How do Stephano, Trinculo and Caliban respond to the magic of the island in act 3, scene 2 and act 4, scene 1?

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In Act 3, scene 2, Caliban persuades Stephano and Trinculo to kill Prospero. Ariel is present, though invisible, listening to the three as they plan their cruel plot. After singing a raucous tune, the three are surprised to hear the same tune played on a tabor and pipe. Of course,...

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In Act 3, scene 2, Caliban persuades Stephano and Trinculo to kill Prospero. Ariel is present, though invisible, listening to the three as they plan their cruel plot. After singing a raucous tune, the three are surprised to hear the same tune played on a tabor and pipe. Of course, Ariel played the tune to charm the fools and lead them to a foul pool of water. Stephano and Trinculo are afraid of the music at first and believe it comes from a demon spirit. However, Caliban assures them that the music is harmless just as are all the often heard noises of delight that fill the island.

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In Act 4, scene 1, at first Stephano and Trinculo don't really realize magic has been done on them. They blame Caliban. Then, they are awestruck by Prospero's wealth, still without realizing any of it is magical. They are taken in by the magic, in part precisely because they don’t realize it is happening. Caliban in this scene is wiser than they are; he's afraid. Their final response in this scene is to run away, herded by the spirits Prospero's called. They are therefore afraid and helpless.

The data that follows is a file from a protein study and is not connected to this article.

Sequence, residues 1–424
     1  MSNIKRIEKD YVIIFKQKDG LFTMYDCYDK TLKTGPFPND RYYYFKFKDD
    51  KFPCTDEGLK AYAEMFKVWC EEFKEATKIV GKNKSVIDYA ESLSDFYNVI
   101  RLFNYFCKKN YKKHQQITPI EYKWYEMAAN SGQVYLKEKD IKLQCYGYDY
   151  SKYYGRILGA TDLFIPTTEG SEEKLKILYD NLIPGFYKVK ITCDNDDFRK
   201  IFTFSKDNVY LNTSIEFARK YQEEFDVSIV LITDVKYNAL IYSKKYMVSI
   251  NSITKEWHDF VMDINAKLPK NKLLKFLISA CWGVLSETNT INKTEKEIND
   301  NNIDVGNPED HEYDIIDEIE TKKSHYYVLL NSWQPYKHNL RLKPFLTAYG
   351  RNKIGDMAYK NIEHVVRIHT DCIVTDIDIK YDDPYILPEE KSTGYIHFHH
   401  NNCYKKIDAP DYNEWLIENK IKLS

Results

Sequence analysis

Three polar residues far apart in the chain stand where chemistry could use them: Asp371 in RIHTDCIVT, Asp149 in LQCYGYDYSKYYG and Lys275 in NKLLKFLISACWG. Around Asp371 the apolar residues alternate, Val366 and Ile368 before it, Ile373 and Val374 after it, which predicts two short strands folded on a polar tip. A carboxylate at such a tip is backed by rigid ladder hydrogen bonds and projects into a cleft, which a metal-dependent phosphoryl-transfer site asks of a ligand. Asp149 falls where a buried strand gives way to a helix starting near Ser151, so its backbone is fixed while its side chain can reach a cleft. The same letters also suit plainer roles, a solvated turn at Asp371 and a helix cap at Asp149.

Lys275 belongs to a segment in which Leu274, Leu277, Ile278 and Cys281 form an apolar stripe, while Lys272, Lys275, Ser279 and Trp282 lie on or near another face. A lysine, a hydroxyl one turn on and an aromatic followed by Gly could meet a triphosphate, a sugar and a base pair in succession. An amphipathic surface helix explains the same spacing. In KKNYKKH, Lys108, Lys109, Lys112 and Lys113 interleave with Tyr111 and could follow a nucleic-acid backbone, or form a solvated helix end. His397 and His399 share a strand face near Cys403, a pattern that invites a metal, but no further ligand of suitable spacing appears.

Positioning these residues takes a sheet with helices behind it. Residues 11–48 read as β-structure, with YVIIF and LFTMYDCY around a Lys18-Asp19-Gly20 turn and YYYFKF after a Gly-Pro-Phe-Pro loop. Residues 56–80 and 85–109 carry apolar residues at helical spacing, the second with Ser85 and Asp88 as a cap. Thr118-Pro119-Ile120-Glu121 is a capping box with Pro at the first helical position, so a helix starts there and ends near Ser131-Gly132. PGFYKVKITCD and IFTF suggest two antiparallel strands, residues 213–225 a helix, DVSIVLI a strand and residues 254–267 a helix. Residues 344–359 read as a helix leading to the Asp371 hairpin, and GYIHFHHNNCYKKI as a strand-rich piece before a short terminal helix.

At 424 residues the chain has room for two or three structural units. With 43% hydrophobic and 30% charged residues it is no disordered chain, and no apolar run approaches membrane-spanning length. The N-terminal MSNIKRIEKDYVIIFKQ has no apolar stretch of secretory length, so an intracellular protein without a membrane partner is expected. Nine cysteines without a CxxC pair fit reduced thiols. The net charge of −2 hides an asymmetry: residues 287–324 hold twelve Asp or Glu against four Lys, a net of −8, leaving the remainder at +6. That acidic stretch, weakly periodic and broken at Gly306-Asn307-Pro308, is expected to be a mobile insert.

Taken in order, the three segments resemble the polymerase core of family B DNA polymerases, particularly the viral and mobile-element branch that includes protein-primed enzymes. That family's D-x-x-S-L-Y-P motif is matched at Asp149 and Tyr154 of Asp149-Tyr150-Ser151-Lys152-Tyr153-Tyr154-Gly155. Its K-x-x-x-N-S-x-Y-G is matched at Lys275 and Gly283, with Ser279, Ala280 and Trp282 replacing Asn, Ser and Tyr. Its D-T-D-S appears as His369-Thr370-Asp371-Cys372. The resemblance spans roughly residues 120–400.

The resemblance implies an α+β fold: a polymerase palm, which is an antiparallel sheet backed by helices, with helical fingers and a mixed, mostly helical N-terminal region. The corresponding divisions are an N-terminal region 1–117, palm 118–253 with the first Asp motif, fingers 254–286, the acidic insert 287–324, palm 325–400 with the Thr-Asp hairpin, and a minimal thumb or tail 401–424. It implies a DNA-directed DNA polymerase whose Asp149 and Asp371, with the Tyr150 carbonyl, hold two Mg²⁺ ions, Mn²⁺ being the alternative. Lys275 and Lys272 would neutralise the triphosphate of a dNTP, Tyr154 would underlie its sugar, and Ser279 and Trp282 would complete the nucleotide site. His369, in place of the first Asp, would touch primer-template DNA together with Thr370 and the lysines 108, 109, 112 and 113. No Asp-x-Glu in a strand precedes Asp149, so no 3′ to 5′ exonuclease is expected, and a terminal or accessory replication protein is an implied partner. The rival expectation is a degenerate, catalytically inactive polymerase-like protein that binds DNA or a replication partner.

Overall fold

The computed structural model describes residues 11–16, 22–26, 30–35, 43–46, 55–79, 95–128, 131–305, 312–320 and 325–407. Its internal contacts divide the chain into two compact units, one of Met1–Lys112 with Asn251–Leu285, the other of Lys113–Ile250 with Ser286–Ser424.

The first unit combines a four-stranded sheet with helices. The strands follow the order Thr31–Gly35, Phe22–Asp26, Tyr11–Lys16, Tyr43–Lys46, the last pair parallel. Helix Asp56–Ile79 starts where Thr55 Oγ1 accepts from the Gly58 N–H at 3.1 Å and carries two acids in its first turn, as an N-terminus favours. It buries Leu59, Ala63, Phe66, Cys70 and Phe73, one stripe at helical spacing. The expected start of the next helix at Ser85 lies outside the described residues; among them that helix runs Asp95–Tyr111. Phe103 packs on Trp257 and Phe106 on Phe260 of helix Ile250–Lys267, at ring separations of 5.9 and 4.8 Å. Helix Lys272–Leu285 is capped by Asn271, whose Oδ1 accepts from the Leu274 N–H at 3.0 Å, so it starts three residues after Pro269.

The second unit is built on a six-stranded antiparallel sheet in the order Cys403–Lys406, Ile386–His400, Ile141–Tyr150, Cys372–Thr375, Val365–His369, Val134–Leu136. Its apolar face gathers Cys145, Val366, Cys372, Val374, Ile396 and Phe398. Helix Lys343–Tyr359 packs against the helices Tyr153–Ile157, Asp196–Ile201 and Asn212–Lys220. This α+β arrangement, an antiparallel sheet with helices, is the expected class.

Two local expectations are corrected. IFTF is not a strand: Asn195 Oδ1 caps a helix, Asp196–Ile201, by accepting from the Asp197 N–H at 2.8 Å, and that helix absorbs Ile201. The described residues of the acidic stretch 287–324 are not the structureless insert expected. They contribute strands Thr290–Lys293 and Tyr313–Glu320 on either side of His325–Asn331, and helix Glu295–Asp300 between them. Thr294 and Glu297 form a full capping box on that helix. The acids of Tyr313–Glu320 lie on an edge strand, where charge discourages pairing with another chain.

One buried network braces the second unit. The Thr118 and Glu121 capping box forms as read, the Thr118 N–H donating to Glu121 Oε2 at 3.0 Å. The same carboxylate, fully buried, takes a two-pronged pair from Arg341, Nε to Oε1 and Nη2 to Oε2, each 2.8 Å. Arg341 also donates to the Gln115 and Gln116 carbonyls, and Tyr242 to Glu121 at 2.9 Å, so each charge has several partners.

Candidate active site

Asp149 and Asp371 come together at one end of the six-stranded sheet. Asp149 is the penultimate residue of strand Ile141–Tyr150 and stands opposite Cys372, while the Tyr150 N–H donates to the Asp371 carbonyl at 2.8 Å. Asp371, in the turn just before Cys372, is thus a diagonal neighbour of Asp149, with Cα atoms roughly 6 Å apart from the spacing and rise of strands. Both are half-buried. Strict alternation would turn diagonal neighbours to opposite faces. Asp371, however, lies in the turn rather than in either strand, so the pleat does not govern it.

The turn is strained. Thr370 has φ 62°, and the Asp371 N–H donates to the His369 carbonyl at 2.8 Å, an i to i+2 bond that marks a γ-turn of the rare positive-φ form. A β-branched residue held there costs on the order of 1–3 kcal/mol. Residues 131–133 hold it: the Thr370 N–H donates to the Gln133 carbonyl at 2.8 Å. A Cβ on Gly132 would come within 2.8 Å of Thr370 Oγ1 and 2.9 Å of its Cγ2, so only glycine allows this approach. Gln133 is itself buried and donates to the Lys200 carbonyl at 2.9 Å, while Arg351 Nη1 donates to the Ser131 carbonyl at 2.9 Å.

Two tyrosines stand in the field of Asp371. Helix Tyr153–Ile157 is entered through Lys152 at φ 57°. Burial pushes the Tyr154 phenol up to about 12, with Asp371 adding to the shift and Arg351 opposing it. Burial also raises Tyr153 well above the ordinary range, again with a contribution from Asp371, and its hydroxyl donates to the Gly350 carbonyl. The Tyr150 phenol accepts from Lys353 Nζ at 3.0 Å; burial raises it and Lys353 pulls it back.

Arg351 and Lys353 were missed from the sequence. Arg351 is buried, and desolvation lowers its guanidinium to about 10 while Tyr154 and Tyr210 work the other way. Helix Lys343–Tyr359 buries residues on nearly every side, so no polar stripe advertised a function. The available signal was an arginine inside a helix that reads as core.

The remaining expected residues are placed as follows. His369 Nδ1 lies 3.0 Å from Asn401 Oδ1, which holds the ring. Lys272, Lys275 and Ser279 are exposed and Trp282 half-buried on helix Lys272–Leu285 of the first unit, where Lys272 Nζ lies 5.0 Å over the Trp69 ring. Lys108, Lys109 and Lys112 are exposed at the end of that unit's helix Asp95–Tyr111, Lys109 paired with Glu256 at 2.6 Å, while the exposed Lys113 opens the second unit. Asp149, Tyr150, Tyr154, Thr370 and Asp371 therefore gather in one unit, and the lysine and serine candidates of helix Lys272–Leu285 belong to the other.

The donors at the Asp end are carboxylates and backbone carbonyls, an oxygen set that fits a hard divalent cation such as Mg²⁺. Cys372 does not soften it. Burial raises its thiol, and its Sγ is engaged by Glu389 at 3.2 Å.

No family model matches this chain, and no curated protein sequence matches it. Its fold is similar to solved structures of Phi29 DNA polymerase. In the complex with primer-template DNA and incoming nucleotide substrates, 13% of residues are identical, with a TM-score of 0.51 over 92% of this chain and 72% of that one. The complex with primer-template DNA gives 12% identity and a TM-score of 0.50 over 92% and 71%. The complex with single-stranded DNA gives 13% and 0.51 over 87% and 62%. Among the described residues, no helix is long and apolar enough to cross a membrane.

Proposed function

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Shakespeare has an interesting way of incorporating magic into this play. In both scenes you inquired about, the characters associate the fantastic things that were happening with dreams.

In Act 3, scene 2, remember that the characters are drunk, and at first they are confused by the strange happenings. Ariel instigates and anger erupts among the men--they are angry that Prospero has trapped them on the island. The men plan to murder Prospero. They rally together and begin to sing off key, when Ariel chimes in with his pipe. The men are frightened, but Caliban tries to ease their mind:

"Be not afeard. The isle is full of noises,/Sounds, and sweet airs [tunes], that give delight and hurt not./Sometimes a thousand twangling instruments/Will hum about mine ears, and sometime voices,/ That if I then had waked after long sleep/Will make me sleep again; and then in dreaming/The clouds methought would open and show riches/Ready to drop upon me, that when I waked/I cried to dream again."

In Act 4, Scene 1, the trio encounters lavish garments that tempt all but Caliban. This, again, instigates an argumentative situation.

Earlier in the scene (lines 115-119), Ferdinand also associates his experience with a dream. Upon seeing Juno, Iris, and Ceres, Ferdinand says, "This is a most majestic vision.." According to the Shakespeare Lexicon, the "majestic vision" suggests a dream. A few lines down (155-159) Prospero also alludes to dreaming.

 

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